US Navy Reports Dip in Piracy Activity off Somalian Coast

By Brian Peterman

A combination of aggressive deterrence and effective defensive countermeasures have resulted in a dramatic decrease of both attempted and successful pirate attacks off the Somalian coast of Africa, the U.S. Navy reports.

The statistics show less than a quarter of the threat to maritime interests compared to 2011 in this region, which for the past decade has focused global concern in this hotbed of modern-era piracy. A recent article from The New York Times credits aggressive patrolling, increased vigilance and security measures on the part of commercial ship captains and vessel owners for the pirate activities.

While this is very good news for yacht owners, said VADM Brian Peterman (USCG Ret.), CEO of Command at Sea International, a leading yacht security company, the benefit is as much psychological as it is real, since most yacht owners strictly avoid cruising in areas of know pirate activity. "While the potential harm from such a security threat as piracy is enormous for a yacht owner, the actual risk of such an event befalling a typical yacht is actually quite small compared to tankers and other commercial vessels who are forced to sail in riskier waters."

The real lesson for the yachting industry from the decreasing frequency of these attacks, Peterman said, is the measures the commercial sectors have taken to lower their risks. These include dramatically increased use of high-tech navigation and surveillance technology, installation of safe "citadel" spaces, effective training and deployment of countermeasures such as sound cannons, and -- especially -- reliance on more sophisticated intelligence reports.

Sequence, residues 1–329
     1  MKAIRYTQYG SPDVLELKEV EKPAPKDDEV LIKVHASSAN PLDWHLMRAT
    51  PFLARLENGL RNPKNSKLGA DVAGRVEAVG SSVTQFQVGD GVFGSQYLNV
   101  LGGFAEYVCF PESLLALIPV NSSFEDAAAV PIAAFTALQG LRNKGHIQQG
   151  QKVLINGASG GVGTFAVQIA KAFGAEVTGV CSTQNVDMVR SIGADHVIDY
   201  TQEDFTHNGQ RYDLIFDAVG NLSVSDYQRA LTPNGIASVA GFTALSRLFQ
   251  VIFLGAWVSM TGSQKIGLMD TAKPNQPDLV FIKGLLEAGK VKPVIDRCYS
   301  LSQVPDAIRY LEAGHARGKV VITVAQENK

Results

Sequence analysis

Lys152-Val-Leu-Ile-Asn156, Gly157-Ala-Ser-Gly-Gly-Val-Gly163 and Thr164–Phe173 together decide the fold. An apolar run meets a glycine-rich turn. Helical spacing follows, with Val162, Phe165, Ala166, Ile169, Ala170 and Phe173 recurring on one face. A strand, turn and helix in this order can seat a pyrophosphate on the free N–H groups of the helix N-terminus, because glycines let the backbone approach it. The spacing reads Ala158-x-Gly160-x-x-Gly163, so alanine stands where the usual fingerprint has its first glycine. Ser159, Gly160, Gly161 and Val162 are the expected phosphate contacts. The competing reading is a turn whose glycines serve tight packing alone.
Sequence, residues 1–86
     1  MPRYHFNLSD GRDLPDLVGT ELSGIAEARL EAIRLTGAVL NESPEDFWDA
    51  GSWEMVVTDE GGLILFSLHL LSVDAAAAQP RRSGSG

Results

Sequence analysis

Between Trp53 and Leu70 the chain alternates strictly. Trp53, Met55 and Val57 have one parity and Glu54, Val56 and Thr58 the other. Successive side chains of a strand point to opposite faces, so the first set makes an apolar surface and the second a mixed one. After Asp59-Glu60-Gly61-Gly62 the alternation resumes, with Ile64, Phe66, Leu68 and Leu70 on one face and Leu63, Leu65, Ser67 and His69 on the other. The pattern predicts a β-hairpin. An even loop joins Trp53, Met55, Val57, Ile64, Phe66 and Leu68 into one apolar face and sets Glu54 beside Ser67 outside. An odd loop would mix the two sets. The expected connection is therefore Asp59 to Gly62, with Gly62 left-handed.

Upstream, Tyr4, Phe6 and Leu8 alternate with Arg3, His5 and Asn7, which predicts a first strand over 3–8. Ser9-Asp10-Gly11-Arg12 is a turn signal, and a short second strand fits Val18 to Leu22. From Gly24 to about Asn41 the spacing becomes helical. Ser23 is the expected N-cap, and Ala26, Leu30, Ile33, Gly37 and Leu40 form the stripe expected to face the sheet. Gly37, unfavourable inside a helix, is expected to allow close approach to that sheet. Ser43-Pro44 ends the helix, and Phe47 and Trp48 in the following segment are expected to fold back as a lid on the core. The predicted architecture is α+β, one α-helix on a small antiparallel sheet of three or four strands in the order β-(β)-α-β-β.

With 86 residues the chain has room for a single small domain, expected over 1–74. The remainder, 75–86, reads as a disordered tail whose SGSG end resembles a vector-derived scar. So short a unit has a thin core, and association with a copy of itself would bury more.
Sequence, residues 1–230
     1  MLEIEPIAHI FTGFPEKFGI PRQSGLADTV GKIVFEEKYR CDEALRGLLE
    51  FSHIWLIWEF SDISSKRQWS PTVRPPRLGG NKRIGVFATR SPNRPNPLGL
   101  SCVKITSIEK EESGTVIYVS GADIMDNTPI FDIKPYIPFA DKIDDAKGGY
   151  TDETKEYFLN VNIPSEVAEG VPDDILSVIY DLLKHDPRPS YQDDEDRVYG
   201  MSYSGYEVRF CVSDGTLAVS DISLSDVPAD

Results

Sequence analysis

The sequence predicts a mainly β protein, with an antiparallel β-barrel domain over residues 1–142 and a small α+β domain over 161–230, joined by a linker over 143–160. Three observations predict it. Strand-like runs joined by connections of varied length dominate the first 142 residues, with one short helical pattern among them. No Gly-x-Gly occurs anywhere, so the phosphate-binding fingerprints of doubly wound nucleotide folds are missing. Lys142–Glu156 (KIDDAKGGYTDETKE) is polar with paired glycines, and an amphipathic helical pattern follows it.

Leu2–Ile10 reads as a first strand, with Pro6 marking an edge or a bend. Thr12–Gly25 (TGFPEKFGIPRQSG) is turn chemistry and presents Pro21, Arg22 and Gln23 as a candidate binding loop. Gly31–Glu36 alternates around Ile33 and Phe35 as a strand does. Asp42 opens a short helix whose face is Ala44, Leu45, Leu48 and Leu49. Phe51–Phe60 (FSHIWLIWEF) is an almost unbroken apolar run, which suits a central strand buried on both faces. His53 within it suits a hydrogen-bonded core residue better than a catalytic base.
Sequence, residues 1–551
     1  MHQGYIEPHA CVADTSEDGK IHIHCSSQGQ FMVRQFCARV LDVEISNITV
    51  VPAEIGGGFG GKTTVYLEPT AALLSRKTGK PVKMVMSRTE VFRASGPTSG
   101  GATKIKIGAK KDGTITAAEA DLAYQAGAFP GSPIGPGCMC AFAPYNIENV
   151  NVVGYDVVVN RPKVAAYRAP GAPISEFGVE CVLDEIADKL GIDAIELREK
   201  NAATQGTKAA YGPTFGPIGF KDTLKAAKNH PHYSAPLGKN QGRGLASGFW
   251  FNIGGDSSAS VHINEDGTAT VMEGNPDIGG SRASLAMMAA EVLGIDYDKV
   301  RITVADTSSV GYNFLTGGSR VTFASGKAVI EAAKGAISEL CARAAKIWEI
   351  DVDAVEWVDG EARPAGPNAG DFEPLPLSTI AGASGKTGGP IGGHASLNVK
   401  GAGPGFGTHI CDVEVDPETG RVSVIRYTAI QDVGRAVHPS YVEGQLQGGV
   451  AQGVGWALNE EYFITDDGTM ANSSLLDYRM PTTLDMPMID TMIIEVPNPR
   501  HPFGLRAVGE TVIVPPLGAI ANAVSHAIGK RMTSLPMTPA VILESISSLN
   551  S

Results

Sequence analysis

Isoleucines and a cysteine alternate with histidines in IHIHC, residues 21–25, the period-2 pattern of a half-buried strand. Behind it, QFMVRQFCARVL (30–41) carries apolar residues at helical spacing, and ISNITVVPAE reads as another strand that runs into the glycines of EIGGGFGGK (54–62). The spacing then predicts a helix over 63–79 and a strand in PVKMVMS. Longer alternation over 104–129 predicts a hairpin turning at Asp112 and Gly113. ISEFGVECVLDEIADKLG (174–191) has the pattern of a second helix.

"All these effective measures and strategies are available to yacht owners," Peterman said, adding that Command at Sea International specializes in working with yacht owners, their captains, designers and management companies to implement the same successful strategies that have been deployed in the commercial maritime sector. Peterman, whose last command included all Coast Guard activities in the Arabian Gulf and Horn of Africa, was delighted to see the reduction of threat in the region. But he warned, "For yacht owners and captains, a much more realistic area of concern can be found in more popular cruising areas, where common theft, political unrest, cybersecurity, and random acts of violence can put a vessel, her guests and crew in harm's way."

Command at Sea International prides itself in being an authoritative, realistic voice concerning security issues in the luxury yachting industry. For more intelligence and background information on maritime security visit or click here to read a superyacht Captain's account of a pirate attack.

By Brian Peterman